Protein-losing enteropathy (PLE) is frequently caused by intestinal lymphangiectasia following lymphocytic-plasmacytic enteritis. Immunosuppressive medications, such as prednisolone and azathioprine, are often used to treat PLE. Achieving and maintaining remission with these drugs alone, however, can be difficult. In this case study, a 9-year-old female pug with a 1-month history of diarrhea was confirmed to have PLE secondary to lymphocytic-plasmacytic enteritis. She was initially treated with ampicillin (20 mg/kg SC Q 12 H), prednisolone (1 mg/kg SC Q 12 H ), and metronidazole (12.5 mg/kg PO Q 12 H). However, total protein and albumin levels remained low and additional treatment with cyclosporine (5 mg/kg PO Q 12 H) was initiated on day 4. Supplementation with cobalamin (50 µg/kg SC once weekly) began on day 6 when cobalamin levels were found to be low (97 pg/ml). By day 8, protein and albumin levels were found to be decreasing even further, and methotrexate (MTX) was substituted for the cyclosporine at a dose of 0.6 mg/kg IM. The following day, protein and albumin levels began to increase and normalized within 1 week. Diarrhea also improved at the same time. MTX was then administered 5 times at 7-day intervals up until the 37th day, at which point the azathioprine was expected to become effective (azathioprine can take as long as 3 to 4 weeks to achieve clinical effectiveness). No side effects from the MTX were noted. Prednisolone was then gradually decreased, and complete remission was maintained at a low dose of prednisolone (0.3 mg/kg PO Q 48 H) and azathioprine (2 mg/kg PO Q 48 H) after the 59th day. Cobalamin levels were also noted to have normalized within 6 weeks of MTX treatment and cobalamin supplementation. The authors of the study conclude that MTX could become a treatment of choice for PLE.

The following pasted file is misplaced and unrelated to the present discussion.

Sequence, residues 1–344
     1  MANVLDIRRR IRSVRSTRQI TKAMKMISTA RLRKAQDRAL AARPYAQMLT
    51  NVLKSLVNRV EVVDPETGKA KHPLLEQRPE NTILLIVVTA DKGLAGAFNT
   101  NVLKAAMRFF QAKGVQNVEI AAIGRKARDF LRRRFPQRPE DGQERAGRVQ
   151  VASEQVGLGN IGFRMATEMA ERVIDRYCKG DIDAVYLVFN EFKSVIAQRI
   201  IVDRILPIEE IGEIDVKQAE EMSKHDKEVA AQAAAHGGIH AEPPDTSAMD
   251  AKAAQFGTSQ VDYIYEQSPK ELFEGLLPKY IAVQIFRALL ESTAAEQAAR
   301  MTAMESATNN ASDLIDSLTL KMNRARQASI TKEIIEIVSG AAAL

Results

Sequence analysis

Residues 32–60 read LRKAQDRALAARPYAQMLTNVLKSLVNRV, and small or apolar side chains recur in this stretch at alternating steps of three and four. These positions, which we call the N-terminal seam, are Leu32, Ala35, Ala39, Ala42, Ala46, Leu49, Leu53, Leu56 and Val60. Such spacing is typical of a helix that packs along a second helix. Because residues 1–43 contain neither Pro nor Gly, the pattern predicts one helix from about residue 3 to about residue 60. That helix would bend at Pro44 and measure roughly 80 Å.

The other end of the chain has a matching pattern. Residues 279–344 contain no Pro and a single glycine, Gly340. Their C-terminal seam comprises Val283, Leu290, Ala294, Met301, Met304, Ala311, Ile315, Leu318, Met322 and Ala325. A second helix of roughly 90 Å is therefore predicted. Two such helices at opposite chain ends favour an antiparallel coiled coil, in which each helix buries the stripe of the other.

COMMENTARY: PLE can be frustrating to treat. Sometimes, the underlying cause cannot be found, or if it is, cannot be treated effectively. In this case, the patient did not respond to cyclosporine as expected. Thus, the authors chose to replace it with MTX based on MTX's effectiveness in human cases of inflammatory bowel disease and autoimmune diseases, such as rheumatoid arthritis. MTX is an antimetabolite (folic acid inhibitor) with immunosuppressive and antiinflammatory activity. Its use in veterinary medicine has been limited to cancer treatment; however, this article presents an intriguing possibility for future clinical use. Further studies investigating this drug's mode of action, ideal dose for PLE (the dose used in this study was based on chemotherapy protocols), safety, and efficacy may prove to be worthwhile.

A case of protein-losing enteropathy treated with methotrexate in a dog. Yuki M, Sugimoto N, Takahashi K, et al. J VET MED SCI 68:397-399, 2006.